Big counties get bigger as large metro areas lead population growth in 2020 census
Across the country, the most densely populated areas grew while smaller places shrank as U.S. population growth slowed to its most glacial pace since the Great Depression, new data released by the U.S. Census Bureau show.
The census results released Thursday are a snapshot of the population as of April 1, 2020.
They show the country over the last decade grew at its slowest pace since the 1930’s and that less than half of the nation’s 3,143 counties or equivalents increased in population between 2010 and 2020. Most of the population growth in the U.S. happened in metropolitan areas, about 80% of which added people during the decade.
States will use the data to draw new boundaries for state legislative and congressional districts in a process known as redistricting.
The data are key to drawing those new maps, but the U.S. Census Bureau is months behind on its release schedule because of the pandemic.
Across the country, states will begin crunching the numbers released on Thursday to jumpstart their line-drawing processes even as the bureau prepares more user-friendly data. Maps that emerge from redistricting will set the course for representation in statehouse and in Congress for the next decade.
Large counties, metro areas growing
Larger counties, big cities and metropolitan areas were the big population winners in the 2020 census. The top 10 largest cities in the country all have more than 1 million people for the first time.
Phoenix, for example, was the fastest-growing major city over the last decade, jumping over Philadelphia to become the fifth-largest city in the country. It added more than 160,000 people between 2010 and 2020, an increase of 11.2% to more than 1.6 million, according to the Arizona Republic.
Austin just missed the 1-million mark, growing to about 961,000 people between 2010 and 2020. The Texas capital has recorded double-digit percentage growth each decade since it began being tracked in 1840, the Austin American-Statesman reported.
The growth in Austin over the last decade came with another addition: its first professional sports franchise, a Major League Soccer club.
The largest counties led the way on growth for the U.S. Population increased by 9.1% in those with 100,000 or more people and by 4.1% in those with 50,000 to 99,999 people. Population dropped on average in counties with fewer than 49,999 people, though, according to the Census Bureau.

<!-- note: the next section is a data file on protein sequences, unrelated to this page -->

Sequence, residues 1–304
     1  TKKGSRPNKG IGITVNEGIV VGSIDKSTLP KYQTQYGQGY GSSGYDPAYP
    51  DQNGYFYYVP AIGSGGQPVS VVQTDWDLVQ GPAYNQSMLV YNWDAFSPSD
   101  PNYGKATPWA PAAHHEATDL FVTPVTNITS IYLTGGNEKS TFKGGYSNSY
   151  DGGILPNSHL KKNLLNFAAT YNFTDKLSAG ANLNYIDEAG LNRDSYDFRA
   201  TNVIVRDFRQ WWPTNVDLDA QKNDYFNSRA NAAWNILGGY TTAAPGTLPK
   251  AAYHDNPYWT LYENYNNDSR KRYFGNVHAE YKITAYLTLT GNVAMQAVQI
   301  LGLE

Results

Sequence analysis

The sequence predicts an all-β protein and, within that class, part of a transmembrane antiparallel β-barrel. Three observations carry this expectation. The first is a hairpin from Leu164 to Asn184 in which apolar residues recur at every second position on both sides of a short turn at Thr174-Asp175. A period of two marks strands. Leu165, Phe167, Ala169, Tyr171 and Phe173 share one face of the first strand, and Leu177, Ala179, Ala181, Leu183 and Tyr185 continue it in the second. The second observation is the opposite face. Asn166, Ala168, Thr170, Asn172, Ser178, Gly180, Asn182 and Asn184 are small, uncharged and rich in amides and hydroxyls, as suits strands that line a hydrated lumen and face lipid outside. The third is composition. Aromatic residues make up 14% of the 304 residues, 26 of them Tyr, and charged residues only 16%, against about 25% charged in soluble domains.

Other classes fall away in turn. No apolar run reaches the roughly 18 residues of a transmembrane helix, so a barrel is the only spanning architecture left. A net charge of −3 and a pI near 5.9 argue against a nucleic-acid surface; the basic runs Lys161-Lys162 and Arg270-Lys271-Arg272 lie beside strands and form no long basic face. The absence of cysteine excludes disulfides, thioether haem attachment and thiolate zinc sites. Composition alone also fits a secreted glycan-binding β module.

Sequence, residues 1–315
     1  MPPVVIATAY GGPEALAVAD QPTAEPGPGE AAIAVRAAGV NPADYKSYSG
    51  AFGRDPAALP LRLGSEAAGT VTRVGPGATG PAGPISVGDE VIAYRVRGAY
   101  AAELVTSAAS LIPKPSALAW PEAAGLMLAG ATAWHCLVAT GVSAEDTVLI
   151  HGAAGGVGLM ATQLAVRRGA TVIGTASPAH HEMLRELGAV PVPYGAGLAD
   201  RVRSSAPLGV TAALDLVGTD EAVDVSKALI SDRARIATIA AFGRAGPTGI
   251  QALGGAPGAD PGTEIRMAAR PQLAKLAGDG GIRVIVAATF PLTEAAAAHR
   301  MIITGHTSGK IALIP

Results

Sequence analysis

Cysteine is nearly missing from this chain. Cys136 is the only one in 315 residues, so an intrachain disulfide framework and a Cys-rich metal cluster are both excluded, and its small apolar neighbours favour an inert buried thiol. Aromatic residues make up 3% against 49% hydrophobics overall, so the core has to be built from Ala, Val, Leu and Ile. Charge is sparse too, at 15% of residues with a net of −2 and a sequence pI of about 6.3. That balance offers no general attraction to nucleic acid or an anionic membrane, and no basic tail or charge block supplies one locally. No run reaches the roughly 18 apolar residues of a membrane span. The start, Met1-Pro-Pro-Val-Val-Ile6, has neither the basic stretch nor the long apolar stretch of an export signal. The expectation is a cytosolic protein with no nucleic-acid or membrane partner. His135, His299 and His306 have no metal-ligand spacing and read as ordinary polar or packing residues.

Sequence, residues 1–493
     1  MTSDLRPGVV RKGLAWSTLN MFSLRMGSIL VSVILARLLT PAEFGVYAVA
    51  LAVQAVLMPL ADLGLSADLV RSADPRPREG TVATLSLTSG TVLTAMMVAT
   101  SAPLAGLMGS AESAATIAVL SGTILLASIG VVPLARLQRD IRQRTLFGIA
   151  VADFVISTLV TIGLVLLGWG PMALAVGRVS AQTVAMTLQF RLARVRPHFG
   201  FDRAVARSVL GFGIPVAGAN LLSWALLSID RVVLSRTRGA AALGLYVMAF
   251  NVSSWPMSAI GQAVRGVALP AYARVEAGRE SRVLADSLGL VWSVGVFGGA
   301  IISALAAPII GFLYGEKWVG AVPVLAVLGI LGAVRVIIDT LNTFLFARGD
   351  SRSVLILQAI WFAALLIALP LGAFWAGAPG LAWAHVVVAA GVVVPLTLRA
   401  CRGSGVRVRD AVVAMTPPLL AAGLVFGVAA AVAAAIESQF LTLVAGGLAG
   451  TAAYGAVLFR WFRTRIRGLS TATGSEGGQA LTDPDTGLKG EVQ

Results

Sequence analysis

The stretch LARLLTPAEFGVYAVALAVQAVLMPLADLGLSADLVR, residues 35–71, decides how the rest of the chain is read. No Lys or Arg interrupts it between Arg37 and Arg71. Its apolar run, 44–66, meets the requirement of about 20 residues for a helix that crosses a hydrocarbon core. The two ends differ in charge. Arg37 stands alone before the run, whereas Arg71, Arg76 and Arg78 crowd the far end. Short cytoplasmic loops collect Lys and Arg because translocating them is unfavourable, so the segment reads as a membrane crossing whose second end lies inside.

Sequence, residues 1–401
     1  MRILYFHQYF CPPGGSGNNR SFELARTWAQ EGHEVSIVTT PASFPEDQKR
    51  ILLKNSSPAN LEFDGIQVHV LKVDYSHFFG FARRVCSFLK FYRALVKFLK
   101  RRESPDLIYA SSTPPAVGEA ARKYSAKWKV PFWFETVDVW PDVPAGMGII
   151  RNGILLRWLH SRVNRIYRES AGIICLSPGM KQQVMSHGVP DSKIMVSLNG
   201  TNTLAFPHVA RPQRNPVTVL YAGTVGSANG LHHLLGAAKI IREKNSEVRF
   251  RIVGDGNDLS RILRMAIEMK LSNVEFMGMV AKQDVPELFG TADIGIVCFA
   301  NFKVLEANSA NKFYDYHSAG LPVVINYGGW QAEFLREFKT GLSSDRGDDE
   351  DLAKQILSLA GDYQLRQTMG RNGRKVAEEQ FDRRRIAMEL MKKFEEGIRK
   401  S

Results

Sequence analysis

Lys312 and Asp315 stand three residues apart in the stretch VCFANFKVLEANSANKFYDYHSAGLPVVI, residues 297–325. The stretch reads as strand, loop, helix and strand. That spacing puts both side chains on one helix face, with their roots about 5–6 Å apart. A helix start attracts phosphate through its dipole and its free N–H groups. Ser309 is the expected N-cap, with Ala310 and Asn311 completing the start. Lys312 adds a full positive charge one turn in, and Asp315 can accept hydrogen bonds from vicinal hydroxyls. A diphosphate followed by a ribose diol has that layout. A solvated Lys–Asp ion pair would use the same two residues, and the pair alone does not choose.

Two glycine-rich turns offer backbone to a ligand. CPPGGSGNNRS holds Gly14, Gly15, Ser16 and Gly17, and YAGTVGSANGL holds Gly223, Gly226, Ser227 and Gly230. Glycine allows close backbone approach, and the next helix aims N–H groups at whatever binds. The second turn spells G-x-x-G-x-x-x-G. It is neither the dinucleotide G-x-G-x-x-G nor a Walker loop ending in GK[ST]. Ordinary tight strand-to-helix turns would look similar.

Cincinnati reversed a 70-year run of population loss in the 2020 census, according to the Cincinnati Enquirer. Its population increased by 4.2% to more than 309,000 people, the data show.
In Ohio, Columbus and its surrounding suburbs have been siphoning population from other parts of the state for years. Delaware and Union counties, part of the metropolitan area ringing Columbus, were among the fastest-growing counties in the state again in the 2020 Census, The Columbus Dispatch reported.
Columbus was among a group of cities that gained 100,000 or more people from 2010 to 2020.
It wasn’t all good news for cities, though. Detroit continued to leak population over the last decade, experiencing a 10.5% decline in residents to about 639,000 people. It is the seventh consecutive decade that Michigan’s largest city has lost population, according to the Detroit Free Press.
While Michigan grew slightly over the decade, it still was among the seven states to lose a Congressional seat in the most recent apportionment. California, Illinois, New York, Ohio, Pennsylvania and West Virginia also lost a seat in Congress.
Texas gained two seats in the new census, while Colorado, Florida, Montana, North Carolina and Oregon all will add one.
Georgia did not add a seat in apportionment, but it was among a group of five states and Washington, D.C., in the Census Bureau's southern district to grow by 10% or more. The Augusta Chronicle reported the Peach State added more than 1 million people over the decade, bringing its total population to about 10.7 million.
Mississippi, Illinois and West Virginia were the only states to lose population in the 2020 census.
Iowa continued its century-long trend of growing slower than the national average, according to the Des Moines Register. While the newspaper reported sluggish growth in Des Moines, the suburbs around the city are "booming."
The new census data also paints the most recent picture of the racial and ethnic diversity of the country. Indiana inched up the rankings in the census diversity index, from No. 37 in 2010 to No. 34 this year, according to the Indianapolis Star.